Bloomberg hosts scrambled to stop Jeffrey Sachs as he laid blame for the pipeline explosion
Economist Jeffrey Sachs speculated on Monday that the sabotage of the Nord Stream pipelines was the work of the US and maybe Poland, to the chagrin of Bloomberg TV hosts who quickly tried to change the subject. Now a professor at Columbia University, Sachs became notorious in Russia for masterminding the "shock therapy" reforms in the 1990s - but has been sharply critical of the West's approach to the conflict in Ukraine in recent months.
Invited to Bloomberg's 'Surveillance' show on Monday, Sachs was asked to comment on Russia he "knew so well" under President Boris Yeltsin. Instead, the hosts scrambled to cut him off after he said the conflict is "on the path of escalation to nuclear war" and did not start in February 2022.
"Most of the world doesn't see it the way we describe it," Sachs told Bloomberg's Tom Keene, at which point co-host Lisa Abramowicz tried to change the subject to inflation in Europe.
The EU is in a "very sharp economic downturn," Sachs agreed. The continent was "getting hammered" by energy shortages, made worse by "the destruction of the Nord Stream pipeline which I would bet was a US action - perhaps US and Poland," he managed to add before Keene cut him off, asking for evidence of that claim.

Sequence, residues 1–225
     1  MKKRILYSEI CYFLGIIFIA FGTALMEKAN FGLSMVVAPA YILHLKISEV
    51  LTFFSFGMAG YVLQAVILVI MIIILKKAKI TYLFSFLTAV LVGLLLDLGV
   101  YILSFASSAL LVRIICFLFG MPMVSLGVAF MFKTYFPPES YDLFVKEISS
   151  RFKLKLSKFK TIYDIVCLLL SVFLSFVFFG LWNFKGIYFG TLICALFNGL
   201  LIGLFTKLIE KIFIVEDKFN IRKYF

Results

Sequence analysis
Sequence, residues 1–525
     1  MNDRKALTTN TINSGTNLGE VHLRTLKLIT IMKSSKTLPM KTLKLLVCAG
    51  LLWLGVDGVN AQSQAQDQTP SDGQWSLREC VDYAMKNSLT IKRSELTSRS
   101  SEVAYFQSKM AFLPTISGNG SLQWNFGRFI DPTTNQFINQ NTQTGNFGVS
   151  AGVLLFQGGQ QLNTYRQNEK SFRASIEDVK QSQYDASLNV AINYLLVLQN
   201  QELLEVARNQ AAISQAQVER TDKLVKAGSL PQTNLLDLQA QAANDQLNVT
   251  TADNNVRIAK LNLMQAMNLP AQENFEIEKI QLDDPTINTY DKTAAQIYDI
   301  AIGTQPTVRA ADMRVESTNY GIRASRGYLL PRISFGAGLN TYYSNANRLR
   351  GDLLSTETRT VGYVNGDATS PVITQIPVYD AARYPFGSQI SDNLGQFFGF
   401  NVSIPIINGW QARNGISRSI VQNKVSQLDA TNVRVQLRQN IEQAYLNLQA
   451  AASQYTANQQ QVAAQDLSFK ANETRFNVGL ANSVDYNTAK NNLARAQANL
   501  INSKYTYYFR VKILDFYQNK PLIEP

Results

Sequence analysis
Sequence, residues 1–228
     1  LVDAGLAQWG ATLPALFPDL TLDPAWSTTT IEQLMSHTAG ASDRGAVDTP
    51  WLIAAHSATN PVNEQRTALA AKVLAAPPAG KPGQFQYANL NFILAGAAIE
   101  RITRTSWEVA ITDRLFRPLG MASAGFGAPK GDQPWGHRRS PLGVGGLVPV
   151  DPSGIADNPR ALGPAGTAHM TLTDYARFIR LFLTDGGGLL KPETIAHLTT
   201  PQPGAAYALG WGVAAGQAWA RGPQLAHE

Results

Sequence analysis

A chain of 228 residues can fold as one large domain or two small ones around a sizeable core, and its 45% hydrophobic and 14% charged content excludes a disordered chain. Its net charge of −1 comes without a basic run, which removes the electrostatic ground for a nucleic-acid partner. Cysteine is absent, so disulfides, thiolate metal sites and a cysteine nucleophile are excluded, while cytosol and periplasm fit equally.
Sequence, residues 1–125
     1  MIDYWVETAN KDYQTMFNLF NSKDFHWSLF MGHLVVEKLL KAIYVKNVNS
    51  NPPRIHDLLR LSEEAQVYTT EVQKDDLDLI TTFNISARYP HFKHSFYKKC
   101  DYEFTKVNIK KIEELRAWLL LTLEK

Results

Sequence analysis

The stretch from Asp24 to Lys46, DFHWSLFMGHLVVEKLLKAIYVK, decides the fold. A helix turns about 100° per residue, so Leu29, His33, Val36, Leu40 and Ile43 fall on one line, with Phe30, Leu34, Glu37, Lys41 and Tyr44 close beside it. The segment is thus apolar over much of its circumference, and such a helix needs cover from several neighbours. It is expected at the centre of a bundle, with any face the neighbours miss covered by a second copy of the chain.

"Well first of all, there's direct radar evidence that US helicopters, military helicopters that are normally based in Gdansk, were circling over this area. We also had the threats from the US, earlier in this year, that 'one way or the other, we are going to end Nord Stream.' We also have the remarkable statement by [US] Secretary [of State Antony] Blinken last Friday in a press conference; he says 'this is also a tremendous opportunity.' Sorry, it's a strange way to talk if you're worried about piracy on international infrastructure of vital significance," Sachs retorted.
"I know this runs counter to our narrative, you're not allowed to say these things in the West, but the fact of the matter is - all over the world, when I talk to people, they think the US did it," he added.
Abramowicz again tried to change the subject, saying Bloomberg couldn't provide "counterbalance" to what he was saying. Undeterred, Sachs answered the next question by describing the current situation as "the most dangerous moment since the Cuban Missile Crisis" in 1962, with the US picking fights with both Russia and China, without any attempts to de-escalate things.
Currently director of the Center for Sustainable Development at New York's Columbia University, Sachs gained notoriety among the Russians for his "shock therapy" reforms in 1991-1993. The overhaul of the entire Soviet economy ended up destroying the lives of millions of Russians and handing the country's wealth over to a handful of oligarchs.